Journal of Youth and Adolescence

, Volume 41, Issue 2, pp 146–155

Student Drug Testing in the Context of Positive and Negative School Climates: Results from a National Survey

  • Sharon R. Sznitman
  • Sally M. Dunlop
  • Priya Nalkur
  • Atika Khurana
  • Daniel Romer
Empirical Research

DOI: 10.1007/s10964-011-9658-2

Cite this article as:
Sznitman, S.R., Dunlop, S.M., Nalkur, P. et al. J Youth Adolescence (2012) 41: 146. doi:10.1007/s10964-011-9658-2

Abstract

Positive school climates and student drug testing have been separately proposed as strategies to reduce student substance use in high schools. However, the effects of drug testing programs may depend on the favorability of school climates. This study examined the association between school drug testing programs and student substance use in schools with different climates. The analysis was based on a nationally representative sample of 943 high school students (48% female) ranging from 14 to 19 years of age (62% identifying as white, 18% Hispanic, 13% African American, and 7% in other categories). Results showed that both male and female students in schools with positive climates reported lower levels of personal substance use. Drug testing was associated with lower levels of personal substance use in positive school climates, but only for female students. There was no relationship between drug testing and male students’ substance use. The results are discussed in terms of the importance of considering school climates before implementing drug-testing programs in high schools.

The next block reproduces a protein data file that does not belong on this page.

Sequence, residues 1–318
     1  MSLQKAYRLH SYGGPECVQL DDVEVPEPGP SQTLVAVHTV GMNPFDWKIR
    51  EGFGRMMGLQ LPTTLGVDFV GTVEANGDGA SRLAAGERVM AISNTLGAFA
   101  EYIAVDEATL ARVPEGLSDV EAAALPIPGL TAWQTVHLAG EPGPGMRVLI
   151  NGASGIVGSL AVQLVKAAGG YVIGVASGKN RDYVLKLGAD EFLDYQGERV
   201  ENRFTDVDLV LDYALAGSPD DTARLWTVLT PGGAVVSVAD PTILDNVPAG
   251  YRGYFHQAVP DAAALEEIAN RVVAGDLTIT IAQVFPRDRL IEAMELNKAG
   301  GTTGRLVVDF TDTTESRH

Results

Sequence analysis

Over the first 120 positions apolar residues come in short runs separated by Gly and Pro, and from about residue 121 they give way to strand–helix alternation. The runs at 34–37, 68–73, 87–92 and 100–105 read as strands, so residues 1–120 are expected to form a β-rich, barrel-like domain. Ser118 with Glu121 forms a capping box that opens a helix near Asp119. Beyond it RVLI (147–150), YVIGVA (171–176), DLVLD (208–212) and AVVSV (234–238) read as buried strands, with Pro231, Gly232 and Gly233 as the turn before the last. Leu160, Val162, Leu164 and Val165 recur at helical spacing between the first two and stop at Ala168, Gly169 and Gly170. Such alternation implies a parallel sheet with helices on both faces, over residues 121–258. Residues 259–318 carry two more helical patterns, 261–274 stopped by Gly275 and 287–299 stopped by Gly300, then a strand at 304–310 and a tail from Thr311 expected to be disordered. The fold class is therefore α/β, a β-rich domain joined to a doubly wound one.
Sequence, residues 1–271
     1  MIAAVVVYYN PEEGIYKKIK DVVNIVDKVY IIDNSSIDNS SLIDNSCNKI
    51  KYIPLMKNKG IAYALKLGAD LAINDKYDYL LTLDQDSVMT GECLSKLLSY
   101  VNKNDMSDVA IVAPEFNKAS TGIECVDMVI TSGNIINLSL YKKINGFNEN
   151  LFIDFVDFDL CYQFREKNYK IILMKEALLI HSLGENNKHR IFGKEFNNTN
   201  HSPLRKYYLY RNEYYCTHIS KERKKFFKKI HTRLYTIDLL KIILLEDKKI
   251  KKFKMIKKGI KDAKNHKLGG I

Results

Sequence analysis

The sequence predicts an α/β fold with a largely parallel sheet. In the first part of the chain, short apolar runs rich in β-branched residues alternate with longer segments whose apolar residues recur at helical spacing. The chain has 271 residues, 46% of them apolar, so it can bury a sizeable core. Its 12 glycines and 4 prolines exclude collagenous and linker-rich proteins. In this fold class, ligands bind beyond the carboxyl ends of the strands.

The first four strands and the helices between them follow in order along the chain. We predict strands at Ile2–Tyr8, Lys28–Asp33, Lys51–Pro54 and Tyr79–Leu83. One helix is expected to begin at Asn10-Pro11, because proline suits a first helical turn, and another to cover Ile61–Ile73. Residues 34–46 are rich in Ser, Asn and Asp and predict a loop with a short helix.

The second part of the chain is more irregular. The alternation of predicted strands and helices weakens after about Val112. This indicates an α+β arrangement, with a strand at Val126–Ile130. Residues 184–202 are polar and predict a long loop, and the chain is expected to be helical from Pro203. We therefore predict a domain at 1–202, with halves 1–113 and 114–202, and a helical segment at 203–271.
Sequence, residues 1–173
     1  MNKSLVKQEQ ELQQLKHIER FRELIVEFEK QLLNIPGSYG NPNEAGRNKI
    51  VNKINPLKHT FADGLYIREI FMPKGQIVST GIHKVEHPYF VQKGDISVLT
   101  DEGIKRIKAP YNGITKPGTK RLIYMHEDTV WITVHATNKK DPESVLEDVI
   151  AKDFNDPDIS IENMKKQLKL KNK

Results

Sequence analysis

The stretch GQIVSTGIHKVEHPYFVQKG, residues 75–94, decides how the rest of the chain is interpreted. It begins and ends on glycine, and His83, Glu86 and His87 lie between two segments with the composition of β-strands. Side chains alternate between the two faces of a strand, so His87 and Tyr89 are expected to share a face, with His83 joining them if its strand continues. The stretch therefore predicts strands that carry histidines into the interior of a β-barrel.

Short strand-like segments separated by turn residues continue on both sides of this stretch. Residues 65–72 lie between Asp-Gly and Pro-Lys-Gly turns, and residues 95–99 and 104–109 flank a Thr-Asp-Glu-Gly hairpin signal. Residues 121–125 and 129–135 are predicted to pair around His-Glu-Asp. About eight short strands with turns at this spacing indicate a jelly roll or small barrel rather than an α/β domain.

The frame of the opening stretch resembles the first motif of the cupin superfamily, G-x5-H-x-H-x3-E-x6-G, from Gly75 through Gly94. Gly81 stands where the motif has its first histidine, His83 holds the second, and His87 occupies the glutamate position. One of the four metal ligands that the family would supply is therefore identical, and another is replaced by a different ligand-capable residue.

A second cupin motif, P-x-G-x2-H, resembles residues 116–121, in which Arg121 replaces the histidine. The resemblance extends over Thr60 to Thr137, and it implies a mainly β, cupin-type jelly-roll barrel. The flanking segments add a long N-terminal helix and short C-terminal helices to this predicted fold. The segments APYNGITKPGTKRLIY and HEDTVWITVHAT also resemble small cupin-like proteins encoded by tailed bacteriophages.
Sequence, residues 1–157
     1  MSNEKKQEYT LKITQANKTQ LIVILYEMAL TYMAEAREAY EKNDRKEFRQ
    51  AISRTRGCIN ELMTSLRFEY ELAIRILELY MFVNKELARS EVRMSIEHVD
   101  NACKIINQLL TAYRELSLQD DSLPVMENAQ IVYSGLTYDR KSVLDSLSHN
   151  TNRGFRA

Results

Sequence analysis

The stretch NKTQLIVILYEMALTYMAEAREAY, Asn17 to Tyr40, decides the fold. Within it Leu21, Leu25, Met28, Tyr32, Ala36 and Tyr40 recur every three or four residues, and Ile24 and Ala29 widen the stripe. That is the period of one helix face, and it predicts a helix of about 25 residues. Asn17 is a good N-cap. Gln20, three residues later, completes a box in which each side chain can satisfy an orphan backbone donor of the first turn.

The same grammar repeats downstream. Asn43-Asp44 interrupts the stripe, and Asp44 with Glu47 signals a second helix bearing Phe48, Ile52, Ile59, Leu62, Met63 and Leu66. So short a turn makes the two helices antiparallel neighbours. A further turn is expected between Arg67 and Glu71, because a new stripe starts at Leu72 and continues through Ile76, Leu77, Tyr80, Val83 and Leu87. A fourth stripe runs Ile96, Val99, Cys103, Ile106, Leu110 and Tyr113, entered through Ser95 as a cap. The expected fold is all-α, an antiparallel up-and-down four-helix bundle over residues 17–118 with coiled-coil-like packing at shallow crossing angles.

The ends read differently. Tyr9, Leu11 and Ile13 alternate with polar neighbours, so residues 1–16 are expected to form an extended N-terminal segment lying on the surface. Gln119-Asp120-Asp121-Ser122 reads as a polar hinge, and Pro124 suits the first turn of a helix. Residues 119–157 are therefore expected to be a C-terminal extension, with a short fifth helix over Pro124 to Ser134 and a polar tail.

Keywords

AdolescenceStudent drug testingSchool climateSubstance use

Copyright information

© Springer Science+Business Media, LLC 2011

Authors and Affiliations

  • Sharon R. Sznitman
    • 1
  • Sally M. Dunlop
    • 2
  • Priya Nalkur
    • 3
  • Atika Khurana
    • 4
  • Daniel Romer
    • 4
  1. 1.School of Public HealthUniversity of HaifaHaifaIsrael
  2. 2.School of Public HealthThe University of SydneySydneyAustralia
  3. 3.The Heller School of Social Policy and ManagementBrandeis UniversityWalthamUSA
  4. 4.Annenberg Public Policy Centre, Adolescent Communication InstituteUniversity of PennsylvaniaPhiladelphiaUSA